Under U.S. immigration law, to be eligible for permanent residence (also called “a green card”), a person must show that they are not likely to become a “public charge,” or dependent upon government assistance. A high likelihood of becoming a public charge can make a person “inadmissible” for purposes of U.S. immigration. If U.S. Citizenship and Immigration Services (“USCIS”) determines that a person is likely to become a public charge, it can deny a green card on this basis alone. The rules regarding inadmissibility are found in the Immigration and Nationality Act (“INA”), and only apply to people who are seeking admission into the U.S. or applying for adjustment of status within the U.S. The rules about inadmissibility do not apply to all immigrants. You can read our in-depth explanation about the effects of the public charge rule here

Historically, “public charge” was defined narrowly and only meant people who used cash assistance programs or Medicaid to pay for long-term institutional care, such as a nursing home. In August 2019, the Department of Homeland Security (“DHS”) published a final rule to expand the inadmissibility rule of the INA. The expanded public charge rule was scheduled to take effect on October 15, 2019, but was immediately challenged in various courts. The courts have blocked the new rule from taking effect while the cases are decided, and it is not currently in effect, but it is important to understand the expanded public charge rule with respect to the use of Medicaid benefits, and what it might mean for future eligibility if the rule is upheld by the courts. 

The historic version of the public charge rule counted the following services as evidence of public charge:

  • Cash assistance programs (sometimes called Temporary Assistance for Needy Families or TANF, Supplemental Social Security Income or SSI, state and local cash assistance or General Assistance, or “welfare”);
  • Medicaid if used for long-term institutional care, such as a nursing home.

This version of the public charge rule does not apply to persons who use Medicaid to receive healthcare benefits. In general, the traditional public charge rule applied to people who were likely to rely primarily on the government for assistance and did not affect a huge number of applicants because the above-described benefits are generally only available to U.S citizens. 

However, under the new policy, the public charge rule is greatly expanded to mean that almost anyone who uses Medicaid to help pay for any non-emergency medical treatment could be considered a public charge. The rule provides the following narrow exceptions:

  • Children under the age of 21;
  • Pregnant and postpartum women;
  • Emergency Medicaid;
  • Medicare;
  • Formally designated refugees and asylees;

The expanded public charge rule does not apply to the Children’s Health Insurance Program (CHIP) or the Affordable Care Act marketplace subsidies, but only to Medicaid recipients.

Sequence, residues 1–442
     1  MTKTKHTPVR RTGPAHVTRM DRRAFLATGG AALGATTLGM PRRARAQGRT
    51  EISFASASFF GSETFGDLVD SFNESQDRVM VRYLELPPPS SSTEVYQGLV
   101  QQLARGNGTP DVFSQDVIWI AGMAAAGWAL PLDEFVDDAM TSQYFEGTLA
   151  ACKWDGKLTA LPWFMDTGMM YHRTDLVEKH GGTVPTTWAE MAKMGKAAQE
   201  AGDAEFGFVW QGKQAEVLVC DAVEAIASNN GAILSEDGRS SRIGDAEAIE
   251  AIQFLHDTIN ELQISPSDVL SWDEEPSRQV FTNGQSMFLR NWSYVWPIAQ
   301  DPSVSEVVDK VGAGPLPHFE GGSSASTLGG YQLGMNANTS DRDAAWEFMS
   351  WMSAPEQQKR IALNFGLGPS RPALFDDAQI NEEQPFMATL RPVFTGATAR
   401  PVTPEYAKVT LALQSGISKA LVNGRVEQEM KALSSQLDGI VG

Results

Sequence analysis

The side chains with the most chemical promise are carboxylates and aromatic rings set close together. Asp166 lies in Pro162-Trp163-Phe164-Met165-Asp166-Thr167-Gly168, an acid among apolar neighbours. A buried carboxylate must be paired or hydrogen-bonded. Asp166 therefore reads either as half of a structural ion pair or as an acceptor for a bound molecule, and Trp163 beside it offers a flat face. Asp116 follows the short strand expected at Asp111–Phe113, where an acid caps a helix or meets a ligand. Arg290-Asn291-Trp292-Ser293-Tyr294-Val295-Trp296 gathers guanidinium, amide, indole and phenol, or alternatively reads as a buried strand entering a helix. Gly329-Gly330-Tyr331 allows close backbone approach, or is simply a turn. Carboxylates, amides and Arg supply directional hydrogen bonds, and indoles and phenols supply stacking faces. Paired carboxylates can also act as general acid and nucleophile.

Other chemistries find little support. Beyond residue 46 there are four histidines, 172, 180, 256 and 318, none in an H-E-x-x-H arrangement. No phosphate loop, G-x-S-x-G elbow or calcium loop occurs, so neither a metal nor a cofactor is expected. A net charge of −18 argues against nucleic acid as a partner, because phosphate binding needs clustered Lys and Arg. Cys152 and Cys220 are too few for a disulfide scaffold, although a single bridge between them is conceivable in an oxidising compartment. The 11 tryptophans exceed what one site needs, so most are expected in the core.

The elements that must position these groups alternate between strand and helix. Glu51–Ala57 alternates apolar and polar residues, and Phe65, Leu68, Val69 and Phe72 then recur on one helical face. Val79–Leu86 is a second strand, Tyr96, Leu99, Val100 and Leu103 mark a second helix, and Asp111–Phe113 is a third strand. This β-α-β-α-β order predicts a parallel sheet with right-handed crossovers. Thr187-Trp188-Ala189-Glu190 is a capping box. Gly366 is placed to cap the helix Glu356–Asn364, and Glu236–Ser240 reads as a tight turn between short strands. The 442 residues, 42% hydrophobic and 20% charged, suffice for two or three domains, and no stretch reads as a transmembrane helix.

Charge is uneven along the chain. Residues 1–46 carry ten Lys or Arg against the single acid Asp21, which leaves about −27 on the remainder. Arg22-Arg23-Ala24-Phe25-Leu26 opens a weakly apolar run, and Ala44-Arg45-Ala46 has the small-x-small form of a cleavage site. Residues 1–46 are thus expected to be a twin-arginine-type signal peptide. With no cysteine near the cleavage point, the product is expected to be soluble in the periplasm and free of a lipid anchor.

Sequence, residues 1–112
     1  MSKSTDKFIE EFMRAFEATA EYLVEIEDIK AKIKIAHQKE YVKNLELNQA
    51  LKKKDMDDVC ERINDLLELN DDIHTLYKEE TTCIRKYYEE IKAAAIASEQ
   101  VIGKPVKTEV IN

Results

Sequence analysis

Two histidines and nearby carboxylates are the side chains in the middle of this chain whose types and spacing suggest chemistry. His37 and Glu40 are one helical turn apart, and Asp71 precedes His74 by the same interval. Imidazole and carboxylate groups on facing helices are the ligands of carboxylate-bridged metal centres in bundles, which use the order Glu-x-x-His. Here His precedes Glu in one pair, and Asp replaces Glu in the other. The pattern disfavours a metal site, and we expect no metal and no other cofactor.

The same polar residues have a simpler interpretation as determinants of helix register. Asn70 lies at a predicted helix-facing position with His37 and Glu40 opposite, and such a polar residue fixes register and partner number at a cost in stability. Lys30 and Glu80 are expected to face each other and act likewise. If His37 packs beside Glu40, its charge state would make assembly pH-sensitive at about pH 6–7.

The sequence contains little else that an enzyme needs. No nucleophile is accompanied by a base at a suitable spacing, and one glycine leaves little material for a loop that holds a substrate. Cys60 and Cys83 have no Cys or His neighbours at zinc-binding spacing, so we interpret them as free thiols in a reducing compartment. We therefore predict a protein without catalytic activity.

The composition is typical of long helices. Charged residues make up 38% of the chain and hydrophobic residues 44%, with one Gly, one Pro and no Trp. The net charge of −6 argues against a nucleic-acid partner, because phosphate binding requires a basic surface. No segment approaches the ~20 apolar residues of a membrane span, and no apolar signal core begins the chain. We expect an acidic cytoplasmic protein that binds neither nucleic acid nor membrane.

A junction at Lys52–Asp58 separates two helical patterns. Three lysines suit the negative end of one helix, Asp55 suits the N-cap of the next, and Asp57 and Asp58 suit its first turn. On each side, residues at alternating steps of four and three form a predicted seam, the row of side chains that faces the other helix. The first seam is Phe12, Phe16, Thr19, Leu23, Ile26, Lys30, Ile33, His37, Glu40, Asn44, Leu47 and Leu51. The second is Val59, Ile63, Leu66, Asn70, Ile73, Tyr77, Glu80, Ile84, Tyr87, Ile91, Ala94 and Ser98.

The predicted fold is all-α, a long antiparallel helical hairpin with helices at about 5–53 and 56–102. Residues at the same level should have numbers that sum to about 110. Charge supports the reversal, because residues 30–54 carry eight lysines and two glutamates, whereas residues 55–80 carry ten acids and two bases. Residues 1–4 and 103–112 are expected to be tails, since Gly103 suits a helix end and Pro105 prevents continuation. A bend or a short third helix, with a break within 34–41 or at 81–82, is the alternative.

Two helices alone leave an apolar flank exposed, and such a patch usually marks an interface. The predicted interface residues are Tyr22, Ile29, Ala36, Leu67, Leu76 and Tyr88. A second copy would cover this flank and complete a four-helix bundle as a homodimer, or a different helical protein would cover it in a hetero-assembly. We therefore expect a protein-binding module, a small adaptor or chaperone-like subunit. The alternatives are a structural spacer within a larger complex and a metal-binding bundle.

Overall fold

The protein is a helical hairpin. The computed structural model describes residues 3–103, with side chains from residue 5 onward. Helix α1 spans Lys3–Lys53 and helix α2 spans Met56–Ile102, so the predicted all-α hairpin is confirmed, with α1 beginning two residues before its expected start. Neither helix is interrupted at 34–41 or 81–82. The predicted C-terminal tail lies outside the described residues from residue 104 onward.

The rule states that anyone who uses Medicaid for non-emergency health care for more than 12 months within the past 36 months immediately before filing their application may be considered a “public charge.” USCIS officers are to consider “heavily weighted negative factors,” which may be offset by “heavily weighted positive factors.” The use of more than 12 months of public benefits in the aggregate 36 month period prior to the filing of the application is a “heavily weighted negative factor.” This could be offset by a heavily weighted positive factor, such as having private medical insurance or a household income of 250% of the federal poverty guidelines. It is unknown how an USCIS officer might decide a case that had an equal number of heavily weighted negative and positive factors. 

In addition, each benefit used counts toward the 12-month calculation. For example, if a person used Medicaid for primary health care and cash assistance during the same month, this would count as two months of use of benefits. Although it appears that the new version of the rule is intended to allow people to obtain short-term assistance, it also states that USCIS officers may consider any past use public benefits, including Medicaid. It is unknown whether and how officers will consider the use of benefits prior to the 36-month period immediately before the application was filed. 

Unfortunately, if a person uses Medicaid to pay for primary or preventative health care, to manage a chronic condition such as diabetes, or even for cancer treatment, these uses of Medicaid could make them inadmissible for immigration purposes. Given the uncertainty about the enactment of this final rule, it would be safest for a person who intends to apply for adjustment of status in the future (or who has an application pending), to pay out-of-pocket for preventative and non-emergency healthcare services, if at all possible. While this undoubtedly places many in a difficult position of having to choose between accessing needed healthcare and admissibility for purposes of immigration, it is best to be cautious since we do not know how and when the final rule may take effect. The good news is that use of Medicaid in an emergency will not be used against an applicant for purposes of the public charge rule, so don’t hesitate to use Medicaid in an emergency situation, or if you are an expectant mother. Applicants also do not need to worry about using Medicaid for children under the age of 21. If you used Medicaid benefits in the past 36 months, you should explore the possibility of obtaining private health insurance that could count as a “heavily weighted positive factor” to potentially cancel out the negative effect of the past use of Medicaid.